I’m walking Nitro the Two Toned Cavoodle. We have just finished our nightly stroll along Bondi Beach and have crossed Campbell Parade. I tie him up outside one of Bondi’s many Ezy Marts and head in to get some chocolate. Specifically – a hundred gram bar of Lindt Orange Intense Dark chocolate (LOID). My weekly stash has been consumed. Although I’m heading to the supermarket the next day, I need a LOID fix tonight. Even if it’s going to cost me five dollars instead of the usual three. So I pluck the bar from the shelf (the top shelf, of course) and return home. Netflix cued, I tear open the box and unwrap the foil, expecting to see the usual deep dark brown waxy rectangular corner. But instead I’m confronted by a horrific site – the bar is covered in blotches where the deep dark brown has faded to dog poo beige. NO!!!! Sun damage. Or out of date. I check the use by date stamped on the box. Still a month to go. So not quite expired. But most definitely not entering my mouth. I express my disappointment to my wife. She offers me a left over Easter Egg. I take a bite and though it’s actually better than the usual crap Easter chocolate, it is in another universe compared to the tongue tingling delights of LOID. Although my original intention is to return the damaged bar the next day, by half way through our Netflix show I decide that I will take it back once the program is over. I explain to my wife my logic that the guy who sold me the bar will still be there and therefore there won’t be any question over where I actually bought it. But I know the real reason I’m willing to head back out into the night. I need a fix. So Nitro the Two Toned Cavoodle is quite pleasantly surprised to be heading back out for his second walk of the night. Once again he is tied up as I go into Ezy Mart. I begin by seeing if the guy remembers that I was there an hour earlier. He does. Good start. I then show him the blotted choc. He agrees that it doesn’t look right. He opens the till to fetch five dollars. But I suggest we have a look at another bar of LOID just in case. I tell him that if it’s ok that I’ll just take it. He agrees. I open the only other bar of LOID left. Beige blots. Bugger. He hands over five dollars. I head up the road about fifty metres to the next Ezy Mart. The set up is the same. The LOID sits on the top shelf with the rest of the Lindt. The only difference is a little hand written sign saying $5.49. Really? They are charging fifty cents more than the other already over priced amount? I take the bar to the counter and point out this discrepancy. The counter guy is actually intrigued and says I only need to pay $5. I also relate my tale of blotted choc woe. I tell him that I want to open it up in the shop just in case. He agrees. I rip open the box. I start to unwrap the foil, counter guy watching over my shoulder. I feel like Charlie opening a Willie Wonka bar, hoping for a gold ticket. There is no gold ticket. But there is a deep dark brown rectangular corner. Hooray! I fold the foil over and stuff it back in the box. I grab the dog and start heading home. That’s when it occurs to me – I am a chocoholic, a LOID junky. I go home and have my fix.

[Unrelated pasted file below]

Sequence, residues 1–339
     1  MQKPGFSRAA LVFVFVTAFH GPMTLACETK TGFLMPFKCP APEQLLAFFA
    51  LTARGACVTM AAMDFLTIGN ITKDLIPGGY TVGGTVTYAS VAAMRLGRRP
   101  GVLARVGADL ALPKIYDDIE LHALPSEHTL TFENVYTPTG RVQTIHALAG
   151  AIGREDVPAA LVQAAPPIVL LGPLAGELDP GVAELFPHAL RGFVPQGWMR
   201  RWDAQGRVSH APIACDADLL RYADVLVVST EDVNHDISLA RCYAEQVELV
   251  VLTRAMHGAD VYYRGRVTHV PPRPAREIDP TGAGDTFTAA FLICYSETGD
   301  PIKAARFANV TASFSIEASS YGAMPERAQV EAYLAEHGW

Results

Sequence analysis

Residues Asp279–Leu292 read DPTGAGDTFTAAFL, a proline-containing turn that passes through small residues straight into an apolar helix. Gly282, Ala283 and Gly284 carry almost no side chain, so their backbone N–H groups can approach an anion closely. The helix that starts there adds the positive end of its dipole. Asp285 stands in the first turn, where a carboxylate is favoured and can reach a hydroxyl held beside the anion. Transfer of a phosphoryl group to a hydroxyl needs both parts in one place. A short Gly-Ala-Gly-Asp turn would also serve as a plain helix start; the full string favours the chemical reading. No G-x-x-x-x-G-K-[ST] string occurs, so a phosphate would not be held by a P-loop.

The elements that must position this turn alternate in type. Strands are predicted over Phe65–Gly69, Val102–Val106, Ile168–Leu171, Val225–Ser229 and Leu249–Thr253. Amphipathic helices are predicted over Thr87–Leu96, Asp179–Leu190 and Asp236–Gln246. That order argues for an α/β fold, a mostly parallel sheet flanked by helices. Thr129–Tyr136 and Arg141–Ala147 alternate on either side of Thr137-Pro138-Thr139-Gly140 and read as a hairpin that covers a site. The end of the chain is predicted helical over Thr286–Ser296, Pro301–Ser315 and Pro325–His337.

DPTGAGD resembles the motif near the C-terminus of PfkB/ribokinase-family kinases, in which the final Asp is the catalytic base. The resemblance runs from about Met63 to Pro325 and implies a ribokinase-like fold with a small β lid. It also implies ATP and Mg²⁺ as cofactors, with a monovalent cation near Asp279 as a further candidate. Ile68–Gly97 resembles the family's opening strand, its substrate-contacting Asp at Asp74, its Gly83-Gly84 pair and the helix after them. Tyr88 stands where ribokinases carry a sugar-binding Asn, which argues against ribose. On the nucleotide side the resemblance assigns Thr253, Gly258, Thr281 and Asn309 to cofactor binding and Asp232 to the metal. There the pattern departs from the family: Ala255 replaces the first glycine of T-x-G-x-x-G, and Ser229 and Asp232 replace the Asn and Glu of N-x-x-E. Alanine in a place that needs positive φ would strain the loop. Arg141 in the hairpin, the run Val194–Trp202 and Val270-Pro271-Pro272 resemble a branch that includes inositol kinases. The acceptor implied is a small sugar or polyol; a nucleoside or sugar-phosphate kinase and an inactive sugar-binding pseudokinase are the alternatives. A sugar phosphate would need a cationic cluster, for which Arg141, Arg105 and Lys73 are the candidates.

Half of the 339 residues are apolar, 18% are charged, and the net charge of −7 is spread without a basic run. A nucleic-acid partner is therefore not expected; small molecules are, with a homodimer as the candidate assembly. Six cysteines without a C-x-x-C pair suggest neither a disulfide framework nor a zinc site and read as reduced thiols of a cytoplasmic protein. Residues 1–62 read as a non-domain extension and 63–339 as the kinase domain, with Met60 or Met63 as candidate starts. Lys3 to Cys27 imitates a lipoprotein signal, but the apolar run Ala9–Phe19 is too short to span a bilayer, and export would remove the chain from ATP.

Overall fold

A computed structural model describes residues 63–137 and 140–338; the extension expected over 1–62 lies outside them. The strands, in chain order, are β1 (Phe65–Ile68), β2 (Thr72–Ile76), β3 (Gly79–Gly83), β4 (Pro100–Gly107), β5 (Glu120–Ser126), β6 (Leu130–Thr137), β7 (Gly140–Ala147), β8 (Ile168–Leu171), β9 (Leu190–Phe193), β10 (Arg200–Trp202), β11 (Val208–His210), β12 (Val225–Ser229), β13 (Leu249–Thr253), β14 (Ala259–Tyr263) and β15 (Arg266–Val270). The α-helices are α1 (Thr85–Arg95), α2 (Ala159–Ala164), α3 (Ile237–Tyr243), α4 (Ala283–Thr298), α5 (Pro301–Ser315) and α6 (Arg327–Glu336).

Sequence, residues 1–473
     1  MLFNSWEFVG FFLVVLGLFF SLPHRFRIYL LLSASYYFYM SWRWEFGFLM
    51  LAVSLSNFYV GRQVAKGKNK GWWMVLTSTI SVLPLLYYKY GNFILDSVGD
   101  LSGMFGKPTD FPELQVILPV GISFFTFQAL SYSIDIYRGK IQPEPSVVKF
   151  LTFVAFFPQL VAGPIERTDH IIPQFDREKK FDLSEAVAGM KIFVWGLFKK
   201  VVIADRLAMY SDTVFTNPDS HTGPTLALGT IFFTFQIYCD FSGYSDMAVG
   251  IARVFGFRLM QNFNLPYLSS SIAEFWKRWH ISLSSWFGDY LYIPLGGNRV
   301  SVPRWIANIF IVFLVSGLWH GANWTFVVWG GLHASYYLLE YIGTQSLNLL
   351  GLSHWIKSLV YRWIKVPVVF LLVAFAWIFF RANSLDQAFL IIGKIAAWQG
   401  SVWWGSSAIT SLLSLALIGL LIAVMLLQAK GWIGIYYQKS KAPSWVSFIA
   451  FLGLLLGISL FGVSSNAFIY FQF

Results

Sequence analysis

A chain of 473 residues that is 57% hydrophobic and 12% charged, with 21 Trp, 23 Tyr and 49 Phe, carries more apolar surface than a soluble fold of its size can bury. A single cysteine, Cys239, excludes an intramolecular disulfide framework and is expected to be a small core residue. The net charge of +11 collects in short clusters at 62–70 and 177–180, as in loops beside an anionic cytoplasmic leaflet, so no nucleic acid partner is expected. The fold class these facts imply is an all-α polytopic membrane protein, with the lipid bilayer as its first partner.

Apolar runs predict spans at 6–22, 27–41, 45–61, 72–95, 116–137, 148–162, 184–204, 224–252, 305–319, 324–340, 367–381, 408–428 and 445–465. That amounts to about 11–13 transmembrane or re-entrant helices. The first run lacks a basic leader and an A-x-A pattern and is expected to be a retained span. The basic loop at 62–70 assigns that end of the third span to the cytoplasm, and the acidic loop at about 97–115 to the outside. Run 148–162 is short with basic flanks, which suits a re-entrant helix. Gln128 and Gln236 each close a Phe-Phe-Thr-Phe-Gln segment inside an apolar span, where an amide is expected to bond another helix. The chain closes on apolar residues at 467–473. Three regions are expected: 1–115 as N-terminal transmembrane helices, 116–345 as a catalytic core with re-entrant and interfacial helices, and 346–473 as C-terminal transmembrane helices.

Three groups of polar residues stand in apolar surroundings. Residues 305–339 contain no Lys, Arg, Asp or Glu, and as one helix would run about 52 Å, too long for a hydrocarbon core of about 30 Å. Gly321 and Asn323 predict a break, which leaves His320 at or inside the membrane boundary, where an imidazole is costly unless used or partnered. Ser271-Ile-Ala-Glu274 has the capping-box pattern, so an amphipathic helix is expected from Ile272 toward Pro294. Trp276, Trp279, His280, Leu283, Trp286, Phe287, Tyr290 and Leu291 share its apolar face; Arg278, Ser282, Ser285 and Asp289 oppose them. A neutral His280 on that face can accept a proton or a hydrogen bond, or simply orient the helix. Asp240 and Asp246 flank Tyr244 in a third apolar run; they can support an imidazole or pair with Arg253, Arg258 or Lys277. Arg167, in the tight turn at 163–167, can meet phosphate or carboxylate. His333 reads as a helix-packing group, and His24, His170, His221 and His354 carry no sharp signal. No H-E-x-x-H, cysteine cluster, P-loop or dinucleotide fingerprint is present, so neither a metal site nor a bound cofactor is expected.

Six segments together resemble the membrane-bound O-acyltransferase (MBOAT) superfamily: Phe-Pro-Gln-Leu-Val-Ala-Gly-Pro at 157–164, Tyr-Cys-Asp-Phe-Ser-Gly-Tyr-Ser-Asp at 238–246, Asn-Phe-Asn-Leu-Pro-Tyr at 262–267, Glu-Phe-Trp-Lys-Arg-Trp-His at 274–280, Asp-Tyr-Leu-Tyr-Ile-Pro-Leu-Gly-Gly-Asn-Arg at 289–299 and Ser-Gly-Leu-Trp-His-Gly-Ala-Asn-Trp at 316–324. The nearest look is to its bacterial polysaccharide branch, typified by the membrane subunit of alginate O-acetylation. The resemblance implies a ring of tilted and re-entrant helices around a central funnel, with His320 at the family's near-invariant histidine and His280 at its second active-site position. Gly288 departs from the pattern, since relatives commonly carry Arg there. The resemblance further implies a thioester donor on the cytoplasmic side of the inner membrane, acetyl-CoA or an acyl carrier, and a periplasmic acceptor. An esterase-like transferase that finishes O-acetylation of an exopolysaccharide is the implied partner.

Our little family of three is doing something we haven’t done for over a decade – we are heading west on Easter Monday to rub shoulders with the masses at the Royal Easter Show. The last time we all did this my son was about two and half. It was the first time he’d ever encountered certain animals – the ones not found on footpaths or at the zoo. These included cows. He had seen plenty of little plastic ones, of course, but was somewhat thrown by the size of the real thing. But once he grasped the concept, he then proceeded to point at each one and proclaim: “A cooooow.” This occurred a couple of hundred times as we made our way past their stinky stalls. The next year he and I went on our own. At one point he was on some kiddy ride and I was down below looking for something in my bag. I heard a kid calling out ‘Dad’ but didn’t think much of it and didn’t look up. But when that same voice started calling out “Charles”, I figured out who it was and looked to see my grinning three year old enjoying his ride. But now he’s a teenager, how will we all go on our first family RES trip in a long time? He has his own money in his pocket so that should minimise (though not eradicate) his pleading for us to buy him crap. And it is this celebration of crap that has always been something I’ve struggled with at these sorts of events and is probably what has kept me away for so many years. Each time I walk through a show crowd and see people carrying around the latest pieces of popular culture branded plastic shite, I get a little down. I think it’s such a waste and evidence of just how shallow our society has become. Interestingly, on this visit, though I’m aware of the parade of plastic shite, it doesn’t seem to bother me as much. Am I mellowing? Or have I just become resigned to the fact that I live in a shallow society? We soon see something that intrigues us – a tent full of egg shaped chairs with people being buffeted about wearing virtual reality head sets. My son and I decide to give it a go (though of course I have to pay the $20 required) while my wife watches. After some lost in translation exchanges with a Japanese operator, we are seated in separate pods and informed that we are about to go to Jurassic Park. We will be shooting dinosaurs – but aiming by moving our heads until we have the killer creatures in our sights. Soon I am transported into a 3D world – a world where Japanese is the language of choice. Having no idea what’s being screamed in my headset by a very distressed but sexy Japanese tour guide, I still get the general idea that I should try to kill the various rampaging reptiles before they kill me. One actually lifts me off the ground and drops me from a great height. But I seem to survive and manage to kill more dinosaurs with a screaming sexy tour guide wrapped around me. The adventure finally finishes and I stumble out of my egg feeling very queasy. I had already informed my son that I may not be joining him on any rides and this has sealed it – no way am I paying any more money to get tossed and whirled about. Interestingly, this doesn’t seem to bother him. We both accept that our one token show thrill was shooting dinosaurs in a Japanese 3D world. I need food so we grab some mediocre lamb kebabs, chips and Coke. Though it shouldn’t, this settles my stomach. We’re then off to see some animals. My wife and I tell our son the ‘coooow’ story as we check out the latest bovine generation. Then it’s off to the chooks. Who would have guessed it but my son is fascinated with chickens. So much so that he considers spending his pocket money on a $30 chook (an idea which, once laughed at, is quickly quashed). It’s then off to the doggies. The line into the exhibition area is so ridiculous that we head straight for the arena. This turns out to be perfect timing as the Best in Show comp is just about to start. Half a dozen dogs of different breeds are competing to be top dog. One doesn’t even look like a dog but more like a tiny shaved horse. The crowd favourite is a misbehaving Malamute (my wife and son join forces to torment me by repeatedly calling it a Husky). Much to my surprise, the misbehaving Malamute takes the chocolates (though not literally as they would kill him – he has to settle for an oversized ribbon and multiple trophies – not sure why one isn’t enough). Speaking of chocolates, the time has finally come for what has always been the driving force behind my son’s motivation to come all the way out here – Showbags. He is disappointed to learn, however, that neither of his parents are in any way interested in Showbag Hell and will instead be going to check out the giant pumpkin at the food pavilion. He can go on his own and phone us later to meet up. Reluctantly, he trudges off while go check out a 174 kilo pumpkin. The food pavilion also holds such treasures as a stand selling Limecello (that’s right – not Lemoncello but Limecello!) and I buy a bottle of that and a Passionfruitcello for the Mrs for a mere $65 (bargain!). Once we are re-united with our son and all have some Lemon Myrtle ice cream (yum!), we sample some tongue tingling chilli jerky which I then buy. All happy with our various goodies, we then pile into the train and head back east, satisfied by our excursion into our shallow society’s Showland.